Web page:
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  • The San Juan Daily Star

What we make for our kids

Margaux Laskey’s Huli huli chicken. The recipe is written for the grill, but Margaux makes it with boneless thighs in the oven, baking them at 375 degrees for about 30 minutes. Food Stylist: Barrett Washburne.

By Emily Weinstein

People with young kids often ask me what I cook for mine, since dinner can’t actually always be plain rice or pasta. (Or can it?) This goes doubly for what I put in my daughter’s lunch box: I’m sorry to tell you I don’t have any brilliant, genre-exploding solutions there.

I always have that question for my food colleagues, too. What do they make for their kids? What will their kids actually eat?

So I asked a few of my co-workers what they cook for their kids that actually gets eaten (as opposed to rejected with wails of anger, despair or disgust). Their replies are below. None of this is “kid food” — just delicious stuff that works for an all-ages group.

Huli Huli chicken

In 1955, Ernest Morgado, a Honolulu businessman, served a group of farmers grilled chicken that had been marinated in his mother’s teriyaki-style sauce. It was such a hit that he decided to market it with the name “huli huli.” Huli means “turn” in Hawaiian and refers to how it’s prepared: grilled between two racks and turned halfway through cooking. This simplified version calls for chicken pieces and a standard grill. The original recipe is a trade secret, but you can find many slightly different variations on the internet, typically including ginger, garlic, soy sauce, something sweet (honey, brown sugar or maple syrup) and something acidic (vinegar, white wine, lime juice or pineapple juice). This recipe is adapted from “Aloha Kitchen: Recipes from Hawai‘i” by Alana Kysar (Ten Speed, March 2019). It also works beautifully with boneless chicken thighs, but adjust your cooking time accordingly.

Recipe from Alana Kysar

Adapted by Margaux Laskey

Yield: 4 to 6 servings

Total time: 45 minutes, plus 8 hours’ marinating


1/2 cup ketchup

1/2 cup soy sauce

1/2 cup packed light or dark brown sugar

1/4 cup rice vinegar or apple cider vinegar

1 (1-inch) piece fresh ginger, peeled and finely grated

2 to 3 garlic cloves, peeled and finely grated

3 1/2 to 4 pounds bone-in, skin-on chicken pieces

Grapeseed or canola oil, for brushing the grill grate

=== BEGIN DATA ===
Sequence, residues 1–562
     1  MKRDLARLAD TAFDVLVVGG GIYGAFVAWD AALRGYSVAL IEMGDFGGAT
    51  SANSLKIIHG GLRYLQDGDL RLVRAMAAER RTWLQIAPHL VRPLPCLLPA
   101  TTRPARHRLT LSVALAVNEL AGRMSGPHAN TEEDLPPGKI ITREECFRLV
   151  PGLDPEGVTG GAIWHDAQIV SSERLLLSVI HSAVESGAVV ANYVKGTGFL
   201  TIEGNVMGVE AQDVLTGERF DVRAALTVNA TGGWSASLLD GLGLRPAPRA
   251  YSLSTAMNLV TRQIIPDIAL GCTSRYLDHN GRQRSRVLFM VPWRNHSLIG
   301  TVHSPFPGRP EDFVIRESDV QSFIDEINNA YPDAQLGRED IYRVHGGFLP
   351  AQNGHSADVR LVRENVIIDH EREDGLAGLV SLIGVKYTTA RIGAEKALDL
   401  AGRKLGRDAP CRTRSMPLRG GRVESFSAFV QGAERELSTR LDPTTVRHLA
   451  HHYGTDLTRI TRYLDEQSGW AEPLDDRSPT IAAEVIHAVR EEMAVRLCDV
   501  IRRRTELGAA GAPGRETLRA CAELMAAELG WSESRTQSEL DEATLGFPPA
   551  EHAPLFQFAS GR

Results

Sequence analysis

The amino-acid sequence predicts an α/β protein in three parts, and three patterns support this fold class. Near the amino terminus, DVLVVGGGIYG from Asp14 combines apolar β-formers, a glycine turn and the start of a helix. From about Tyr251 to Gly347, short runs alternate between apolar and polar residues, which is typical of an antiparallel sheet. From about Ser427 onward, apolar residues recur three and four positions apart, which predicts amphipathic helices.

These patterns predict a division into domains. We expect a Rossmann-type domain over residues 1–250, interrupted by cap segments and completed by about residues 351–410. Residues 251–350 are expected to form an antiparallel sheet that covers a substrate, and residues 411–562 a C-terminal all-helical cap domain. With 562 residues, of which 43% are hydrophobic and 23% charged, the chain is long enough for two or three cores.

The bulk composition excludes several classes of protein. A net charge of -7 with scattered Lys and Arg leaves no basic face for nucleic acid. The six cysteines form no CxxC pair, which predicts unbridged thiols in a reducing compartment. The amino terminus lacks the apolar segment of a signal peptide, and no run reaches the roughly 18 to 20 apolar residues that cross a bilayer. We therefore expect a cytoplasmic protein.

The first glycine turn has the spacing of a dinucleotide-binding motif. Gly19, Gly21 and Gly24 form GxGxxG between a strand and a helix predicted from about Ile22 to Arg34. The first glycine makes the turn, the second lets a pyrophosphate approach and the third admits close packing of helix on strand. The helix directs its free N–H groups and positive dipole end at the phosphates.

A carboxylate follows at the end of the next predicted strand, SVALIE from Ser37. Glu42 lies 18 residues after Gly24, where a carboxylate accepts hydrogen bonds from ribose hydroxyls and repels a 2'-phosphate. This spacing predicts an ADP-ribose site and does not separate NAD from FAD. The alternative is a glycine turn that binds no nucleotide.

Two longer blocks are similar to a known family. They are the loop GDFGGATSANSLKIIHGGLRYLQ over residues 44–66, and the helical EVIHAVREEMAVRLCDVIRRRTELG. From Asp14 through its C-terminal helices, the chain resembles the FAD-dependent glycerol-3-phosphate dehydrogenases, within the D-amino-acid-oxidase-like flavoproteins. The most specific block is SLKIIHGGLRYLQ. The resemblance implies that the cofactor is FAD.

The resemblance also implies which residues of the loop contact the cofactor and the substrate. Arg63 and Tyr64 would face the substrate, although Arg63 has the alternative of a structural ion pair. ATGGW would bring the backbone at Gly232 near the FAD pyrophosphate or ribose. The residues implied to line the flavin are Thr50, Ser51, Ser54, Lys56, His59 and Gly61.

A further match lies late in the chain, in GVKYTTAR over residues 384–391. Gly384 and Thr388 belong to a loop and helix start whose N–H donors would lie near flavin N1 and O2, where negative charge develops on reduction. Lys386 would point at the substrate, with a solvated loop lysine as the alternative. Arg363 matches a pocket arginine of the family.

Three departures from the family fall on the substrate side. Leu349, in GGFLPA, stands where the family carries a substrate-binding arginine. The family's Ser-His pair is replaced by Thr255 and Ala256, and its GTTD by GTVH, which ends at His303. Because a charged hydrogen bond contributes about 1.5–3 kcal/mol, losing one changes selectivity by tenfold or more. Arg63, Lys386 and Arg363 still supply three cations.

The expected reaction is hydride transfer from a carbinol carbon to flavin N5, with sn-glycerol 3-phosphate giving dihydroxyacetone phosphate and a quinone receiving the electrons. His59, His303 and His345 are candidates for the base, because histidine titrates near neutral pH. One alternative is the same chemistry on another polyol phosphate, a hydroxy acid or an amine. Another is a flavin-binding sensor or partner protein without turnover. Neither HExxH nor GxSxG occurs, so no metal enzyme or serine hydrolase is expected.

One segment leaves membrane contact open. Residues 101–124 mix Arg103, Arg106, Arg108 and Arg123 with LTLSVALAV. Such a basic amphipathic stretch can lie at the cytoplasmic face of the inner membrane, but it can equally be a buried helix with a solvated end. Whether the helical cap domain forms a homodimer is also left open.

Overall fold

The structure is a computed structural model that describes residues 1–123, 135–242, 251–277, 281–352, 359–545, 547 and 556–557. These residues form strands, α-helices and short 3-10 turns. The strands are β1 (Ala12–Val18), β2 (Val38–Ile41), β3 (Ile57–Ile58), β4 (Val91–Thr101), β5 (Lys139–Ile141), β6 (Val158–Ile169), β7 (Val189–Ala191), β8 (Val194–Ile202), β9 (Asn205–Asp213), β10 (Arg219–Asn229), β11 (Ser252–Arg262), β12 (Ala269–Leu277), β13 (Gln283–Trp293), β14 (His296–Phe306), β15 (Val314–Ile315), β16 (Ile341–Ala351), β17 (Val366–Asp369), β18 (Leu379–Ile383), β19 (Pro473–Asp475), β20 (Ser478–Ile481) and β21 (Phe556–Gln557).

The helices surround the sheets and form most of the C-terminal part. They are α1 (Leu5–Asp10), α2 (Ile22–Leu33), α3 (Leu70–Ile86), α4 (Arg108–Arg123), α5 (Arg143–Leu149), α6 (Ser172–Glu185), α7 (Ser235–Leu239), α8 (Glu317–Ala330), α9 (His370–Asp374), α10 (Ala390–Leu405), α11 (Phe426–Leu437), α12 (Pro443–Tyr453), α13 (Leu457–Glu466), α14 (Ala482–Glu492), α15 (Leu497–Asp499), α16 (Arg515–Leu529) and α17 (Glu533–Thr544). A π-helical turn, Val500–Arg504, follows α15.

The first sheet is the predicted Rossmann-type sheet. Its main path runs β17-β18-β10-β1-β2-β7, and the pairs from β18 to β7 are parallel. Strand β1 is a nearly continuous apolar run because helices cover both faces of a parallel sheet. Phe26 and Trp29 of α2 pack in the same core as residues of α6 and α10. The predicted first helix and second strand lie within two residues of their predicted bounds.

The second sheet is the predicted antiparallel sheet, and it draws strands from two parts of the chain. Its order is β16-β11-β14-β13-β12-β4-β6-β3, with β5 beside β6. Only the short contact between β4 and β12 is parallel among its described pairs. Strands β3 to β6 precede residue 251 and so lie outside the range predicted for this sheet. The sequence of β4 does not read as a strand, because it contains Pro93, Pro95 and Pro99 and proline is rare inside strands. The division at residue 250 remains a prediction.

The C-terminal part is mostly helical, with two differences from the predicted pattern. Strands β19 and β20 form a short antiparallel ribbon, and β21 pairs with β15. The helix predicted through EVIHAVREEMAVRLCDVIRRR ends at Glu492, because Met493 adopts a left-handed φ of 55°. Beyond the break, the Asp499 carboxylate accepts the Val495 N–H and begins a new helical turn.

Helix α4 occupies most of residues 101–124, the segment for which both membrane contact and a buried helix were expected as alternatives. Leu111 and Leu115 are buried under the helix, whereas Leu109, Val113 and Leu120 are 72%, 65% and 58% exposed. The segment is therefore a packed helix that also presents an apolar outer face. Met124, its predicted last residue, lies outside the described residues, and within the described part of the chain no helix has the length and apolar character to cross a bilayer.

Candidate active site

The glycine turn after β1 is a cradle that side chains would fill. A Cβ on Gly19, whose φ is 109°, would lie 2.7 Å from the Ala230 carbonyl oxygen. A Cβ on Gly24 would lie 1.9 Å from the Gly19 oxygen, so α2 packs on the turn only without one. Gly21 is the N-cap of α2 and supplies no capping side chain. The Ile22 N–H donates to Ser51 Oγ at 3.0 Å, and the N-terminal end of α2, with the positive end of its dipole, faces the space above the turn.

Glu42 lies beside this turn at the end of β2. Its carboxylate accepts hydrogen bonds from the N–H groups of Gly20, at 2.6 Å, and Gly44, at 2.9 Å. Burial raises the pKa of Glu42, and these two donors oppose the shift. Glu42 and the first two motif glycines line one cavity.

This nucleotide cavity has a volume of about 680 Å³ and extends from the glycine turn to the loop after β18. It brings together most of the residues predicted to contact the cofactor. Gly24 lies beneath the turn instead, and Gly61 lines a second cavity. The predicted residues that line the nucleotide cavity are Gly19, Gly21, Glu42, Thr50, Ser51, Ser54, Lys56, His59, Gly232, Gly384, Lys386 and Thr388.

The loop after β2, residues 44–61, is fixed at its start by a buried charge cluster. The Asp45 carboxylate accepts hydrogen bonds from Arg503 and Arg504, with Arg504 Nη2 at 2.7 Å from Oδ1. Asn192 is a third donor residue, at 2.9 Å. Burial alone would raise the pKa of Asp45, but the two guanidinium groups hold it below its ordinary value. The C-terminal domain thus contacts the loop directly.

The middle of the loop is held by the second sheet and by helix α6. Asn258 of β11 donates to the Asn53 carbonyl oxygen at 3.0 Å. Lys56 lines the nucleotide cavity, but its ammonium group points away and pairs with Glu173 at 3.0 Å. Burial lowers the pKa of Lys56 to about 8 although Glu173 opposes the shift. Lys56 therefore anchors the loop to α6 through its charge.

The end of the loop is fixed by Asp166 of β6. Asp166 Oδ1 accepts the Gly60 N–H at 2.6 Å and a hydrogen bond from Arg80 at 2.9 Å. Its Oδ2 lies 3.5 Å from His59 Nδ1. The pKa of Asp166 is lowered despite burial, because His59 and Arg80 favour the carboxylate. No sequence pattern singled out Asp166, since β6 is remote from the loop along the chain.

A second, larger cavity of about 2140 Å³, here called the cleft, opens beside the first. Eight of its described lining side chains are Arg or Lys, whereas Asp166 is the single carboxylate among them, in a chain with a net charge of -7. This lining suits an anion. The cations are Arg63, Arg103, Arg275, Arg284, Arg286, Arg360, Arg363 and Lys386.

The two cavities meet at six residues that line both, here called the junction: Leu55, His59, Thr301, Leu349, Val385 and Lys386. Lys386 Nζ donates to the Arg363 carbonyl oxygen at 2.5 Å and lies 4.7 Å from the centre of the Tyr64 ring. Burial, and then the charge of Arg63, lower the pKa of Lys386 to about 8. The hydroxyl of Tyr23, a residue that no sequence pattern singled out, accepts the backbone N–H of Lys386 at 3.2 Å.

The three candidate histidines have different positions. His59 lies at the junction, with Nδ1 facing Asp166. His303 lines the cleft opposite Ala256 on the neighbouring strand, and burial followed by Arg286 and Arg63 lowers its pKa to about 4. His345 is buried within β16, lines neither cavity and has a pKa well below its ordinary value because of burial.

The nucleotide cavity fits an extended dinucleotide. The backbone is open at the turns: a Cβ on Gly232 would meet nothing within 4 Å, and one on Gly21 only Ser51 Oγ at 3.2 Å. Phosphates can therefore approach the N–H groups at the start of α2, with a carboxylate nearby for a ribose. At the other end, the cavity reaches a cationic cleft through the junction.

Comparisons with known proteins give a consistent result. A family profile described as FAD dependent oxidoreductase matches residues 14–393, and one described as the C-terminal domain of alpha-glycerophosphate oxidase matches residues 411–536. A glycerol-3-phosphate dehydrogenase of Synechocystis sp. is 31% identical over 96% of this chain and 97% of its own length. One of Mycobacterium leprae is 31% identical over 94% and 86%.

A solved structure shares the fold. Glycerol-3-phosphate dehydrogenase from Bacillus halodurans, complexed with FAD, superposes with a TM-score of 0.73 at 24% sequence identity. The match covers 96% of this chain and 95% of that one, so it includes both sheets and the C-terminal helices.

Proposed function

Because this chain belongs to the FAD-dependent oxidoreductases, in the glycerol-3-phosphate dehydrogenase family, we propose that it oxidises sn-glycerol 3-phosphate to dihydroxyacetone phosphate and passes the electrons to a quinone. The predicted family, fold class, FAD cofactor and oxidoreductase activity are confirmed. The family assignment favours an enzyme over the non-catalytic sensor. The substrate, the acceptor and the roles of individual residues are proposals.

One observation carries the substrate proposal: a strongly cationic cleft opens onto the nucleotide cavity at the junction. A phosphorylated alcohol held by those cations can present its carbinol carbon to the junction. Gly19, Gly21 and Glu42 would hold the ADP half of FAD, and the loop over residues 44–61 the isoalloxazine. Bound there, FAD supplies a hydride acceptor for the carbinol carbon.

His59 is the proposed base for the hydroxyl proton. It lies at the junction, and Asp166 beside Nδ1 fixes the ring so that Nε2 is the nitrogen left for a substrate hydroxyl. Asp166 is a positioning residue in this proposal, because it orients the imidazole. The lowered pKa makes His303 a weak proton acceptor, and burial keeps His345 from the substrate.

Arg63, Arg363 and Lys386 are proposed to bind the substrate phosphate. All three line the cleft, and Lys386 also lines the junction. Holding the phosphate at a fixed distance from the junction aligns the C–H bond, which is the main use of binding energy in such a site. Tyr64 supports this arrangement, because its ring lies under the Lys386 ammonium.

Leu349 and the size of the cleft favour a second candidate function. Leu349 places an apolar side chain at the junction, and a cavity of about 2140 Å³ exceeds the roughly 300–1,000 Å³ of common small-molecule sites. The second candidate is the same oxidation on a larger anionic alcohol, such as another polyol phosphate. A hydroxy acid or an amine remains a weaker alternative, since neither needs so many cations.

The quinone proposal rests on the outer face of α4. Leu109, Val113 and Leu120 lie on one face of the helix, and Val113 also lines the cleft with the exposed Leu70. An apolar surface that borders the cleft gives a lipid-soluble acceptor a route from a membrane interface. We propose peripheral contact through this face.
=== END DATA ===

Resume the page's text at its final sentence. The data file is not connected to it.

1. In a large bowl or a gallon-size resealable plastic bag, combine the ketchup, soy sauce, brown sugar, rice vinegar, ginger and garlic, and stir or shake until combined. Reserve and refrigerate 1/2 cup of the mixture for basting the chicken later. Add the chicken to the remaining mixture, and stir or shake until evenly coated. If using a bowl, cover with plastic wrap. Refrigerate overnight, or at least 8 hours, turning the chicken at least once.

2. When you’re ready to cook, oil your grill grates well. Heat the grill to medium (for charcoal, the grill is ready when you can hold your hand 5 inches above the coals for 5 to 7 seconds). Add the chicken to the grill, cover, and cook 25 to 35 minutes, turning every 5 minutes to keep the chicken from burning, and basting it with the reserved marinade after you turn it, until cooked through. (Cook times will vary depending on sizes and cuts of chicken pieces, so be sure to check for doneness: Meat should not be pink and the juices should run clear.) Serve immediately.

Pasta with pumpkin seed pesto

Fragrant with basil and rich with pumpkin seeds and cheese, this is the ideal dish to make ahead of time and pack for lunch. Instead of preparing it to eat as a hot meal or a cold salad, it’s designed to be chilled and then enjoyed cold or at room temperature. Cooking the garlic quickly in the water boiled for the pasta softens its sharp edge. A splash of that same boiling water blends with the basil to keep it green. Rinsing the pasta after cooking it helps the pesto stay flavorful for days in the refrigerator. The tomatoes add a tangy freshness, but they can be skipped altogether or swapped for green beans or peas (just drop them with the pasta during the last few minutes or cooking).

By Genevieve Ko

Yield: 4 to 6 servings

Total time: 25 minutes


Salt and pepper

2 garlic cloves, peeled

1 pound fusilli or other short, curly pasta

1/3 cup pumpkin seeds (pepitas), plus more for sprinkling

1 large bunch basil (4 ounces), leaves and tender stems picked (3 cups)

2/3 cup (2 1/2 ounces) finely grated Parmesan, plus more for sprinkling

1/2 cup extra-virgin olive oil

1 1/2 cups grape or cherry tomatoes, halved (optional)


1. Bring a large saucepan of generously salted water to a boil. Drop the garlic cloves into the boiling water and boil for 30 seconds to temper their sharpness. Use a slotted spoon to transfer the cloves to a food processor or blender.

2. Drop the pasta into the boiling water and cook until al dente.